January Home Sales Reach 16-year High!
The only remaining superlative in the dictionary that I’ve not used to describe our ongoing improvement in the Longmont home sales market is meteoric. And for those of you who don’t believe this is actually a word, go here: Dictionary. Meteoric in this usage is in regard to the single family residential resales in the area (see graph). The all-time records I have in my files only go back 10 years and January’s numbers blow them all away. How many times have I written something similar to that in the past 18 months?
Here is some perspective on just how good January’s sales were. The records I have show a nice little range of sales for January of between 43 and 67. The 85 in 2013 blew away the highest by nearly 27%! Additionally, every singe January before last had a lower sales total than its previous December. In 2012 we actually matched our December ’11 sales total of 53 for a zero difference…that was our BEST….until this year. Further research of the local MLS showed that this past January was, in fact, the highest sales January as far back as their records go…which is 1998. So there you have it – a 16-year high! My disclaimer is that I didn’t track the data then, so calling it an all-time record is fine with me. Typically January is a relatively slow month due to the prevailing holiday hangover exasperated by the bitter cold winter weather.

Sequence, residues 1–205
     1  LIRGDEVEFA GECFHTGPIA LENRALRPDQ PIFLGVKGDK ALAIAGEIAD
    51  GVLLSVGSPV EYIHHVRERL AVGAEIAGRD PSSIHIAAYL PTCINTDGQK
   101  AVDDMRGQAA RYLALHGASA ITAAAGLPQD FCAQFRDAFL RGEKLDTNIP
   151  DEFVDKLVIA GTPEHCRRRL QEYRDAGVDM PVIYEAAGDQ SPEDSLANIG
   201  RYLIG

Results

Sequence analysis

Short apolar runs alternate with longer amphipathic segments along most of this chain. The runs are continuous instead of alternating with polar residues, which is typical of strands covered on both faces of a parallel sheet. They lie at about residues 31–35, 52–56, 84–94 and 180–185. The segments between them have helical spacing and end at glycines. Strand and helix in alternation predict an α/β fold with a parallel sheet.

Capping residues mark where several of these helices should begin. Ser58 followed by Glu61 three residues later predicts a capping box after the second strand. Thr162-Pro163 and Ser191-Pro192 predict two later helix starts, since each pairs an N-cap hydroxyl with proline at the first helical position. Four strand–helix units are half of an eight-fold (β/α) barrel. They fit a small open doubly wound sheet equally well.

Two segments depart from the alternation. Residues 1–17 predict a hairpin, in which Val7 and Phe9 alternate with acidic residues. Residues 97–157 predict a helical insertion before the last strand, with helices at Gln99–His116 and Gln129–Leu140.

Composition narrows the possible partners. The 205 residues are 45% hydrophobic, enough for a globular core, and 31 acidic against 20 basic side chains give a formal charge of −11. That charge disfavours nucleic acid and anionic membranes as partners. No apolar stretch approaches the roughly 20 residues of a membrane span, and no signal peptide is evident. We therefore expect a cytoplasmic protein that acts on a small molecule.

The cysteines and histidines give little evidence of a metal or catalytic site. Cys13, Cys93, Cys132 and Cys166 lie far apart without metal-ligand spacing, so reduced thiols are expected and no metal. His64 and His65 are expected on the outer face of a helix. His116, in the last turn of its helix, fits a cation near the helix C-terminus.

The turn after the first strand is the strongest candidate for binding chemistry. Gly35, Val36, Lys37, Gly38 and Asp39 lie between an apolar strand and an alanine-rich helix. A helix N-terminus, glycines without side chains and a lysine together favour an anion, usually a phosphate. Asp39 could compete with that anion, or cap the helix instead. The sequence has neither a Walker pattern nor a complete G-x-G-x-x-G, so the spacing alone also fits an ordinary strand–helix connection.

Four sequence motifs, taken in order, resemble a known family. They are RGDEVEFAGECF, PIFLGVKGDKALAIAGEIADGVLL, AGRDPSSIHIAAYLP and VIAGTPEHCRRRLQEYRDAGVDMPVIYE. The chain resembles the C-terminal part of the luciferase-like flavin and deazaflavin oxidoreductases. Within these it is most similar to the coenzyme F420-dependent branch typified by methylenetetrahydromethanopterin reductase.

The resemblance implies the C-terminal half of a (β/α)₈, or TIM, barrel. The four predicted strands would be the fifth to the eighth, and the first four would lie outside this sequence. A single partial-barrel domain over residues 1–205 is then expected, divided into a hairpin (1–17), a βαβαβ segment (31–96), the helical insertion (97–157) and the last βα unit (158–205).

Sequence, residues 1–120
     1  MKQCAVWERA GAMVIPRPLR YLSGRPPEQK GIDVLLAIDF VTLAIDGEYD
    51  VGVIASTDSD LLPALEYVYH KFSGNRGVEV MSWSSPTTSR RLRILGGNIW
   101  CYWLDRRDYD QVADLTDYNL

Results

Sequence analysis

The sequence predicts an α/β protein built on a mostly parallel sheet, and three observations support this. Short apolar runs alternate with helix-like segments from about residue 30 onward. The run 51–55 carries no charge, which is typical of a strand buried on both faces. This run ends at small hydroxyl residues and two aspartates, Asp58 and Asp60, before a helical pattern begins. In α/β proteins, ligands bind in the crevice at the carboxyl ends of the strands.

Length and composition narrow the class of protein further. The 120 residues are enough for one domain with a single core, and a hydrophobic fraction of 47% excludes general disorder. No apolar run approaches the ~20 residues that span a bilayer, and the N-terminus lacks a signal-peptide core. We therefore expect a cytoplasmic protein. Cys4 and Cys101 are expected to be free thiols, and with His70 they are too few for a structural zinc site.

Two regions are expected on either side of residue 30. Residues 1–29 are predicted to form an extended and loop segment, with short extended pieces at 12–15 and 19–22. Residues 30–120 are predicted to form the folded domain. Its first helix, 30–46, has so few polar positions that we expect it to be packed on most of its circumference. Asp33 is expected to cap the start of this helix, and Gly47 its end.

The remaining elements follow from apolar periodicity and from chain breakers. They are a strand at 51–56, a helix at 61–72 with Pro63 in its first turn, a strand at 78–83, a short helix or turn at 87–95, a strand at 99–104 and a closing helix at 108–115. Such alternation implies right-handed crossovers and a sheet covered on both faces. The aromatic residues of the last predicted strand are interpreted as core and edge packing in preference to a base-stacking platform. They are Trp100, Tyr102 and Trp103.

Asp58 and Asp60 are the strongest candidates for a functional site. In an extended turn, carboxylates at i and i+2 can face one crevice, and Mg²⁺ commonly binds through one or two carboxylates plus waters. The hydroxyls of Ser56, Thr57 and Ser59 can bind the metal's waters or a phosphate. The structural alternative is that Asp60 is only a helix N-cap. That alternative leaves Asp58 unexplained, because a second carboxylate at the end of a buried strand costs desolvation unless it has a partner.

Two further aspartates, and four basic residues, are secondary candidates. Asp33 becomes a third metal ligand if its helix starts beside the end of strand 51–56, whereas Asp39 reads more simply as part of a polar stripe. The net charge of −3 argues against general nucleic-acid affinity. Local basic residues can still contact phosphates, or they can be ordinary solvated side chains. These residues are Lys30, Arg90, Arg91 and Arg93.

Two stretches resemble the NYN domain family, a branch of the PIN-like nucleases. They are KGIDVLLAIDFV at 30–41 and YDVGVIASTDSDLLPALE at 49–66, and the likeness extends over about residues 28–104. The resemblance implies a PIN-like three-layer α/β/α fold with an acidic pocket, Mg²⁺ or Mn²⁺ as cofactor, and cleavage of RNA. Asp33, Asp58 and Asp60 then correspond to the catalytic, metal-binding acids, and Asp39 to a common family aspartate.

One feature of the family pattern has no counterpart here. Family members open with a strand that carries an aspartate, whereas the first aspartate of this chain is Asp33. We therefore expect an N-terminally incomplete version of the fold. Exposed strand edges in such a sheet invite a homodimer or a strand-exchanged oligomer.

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Where are we going from here? Interest rates aren’t changing any time soon, so the sky is the limit. Oh wait, we have that nagging inventory issue. Here are a few ideas to help you meet some new people who might be ready to sell their house: stand on the corner with a “Will work for Commission” sign; or buy a billboard that says, “Move into your dream home in under 100 days”. What might be cheaper and easier is to get back into your database and find out who those people know that want to sell their house. Learn to love the Cloud CMA program in IRES and start making lots of listing presentations.
By the way, in all this excitement I forgot to mention the ridiculously low inventory and similarly ridiculously high median and average sales prices in this report. Those are gains I can live with.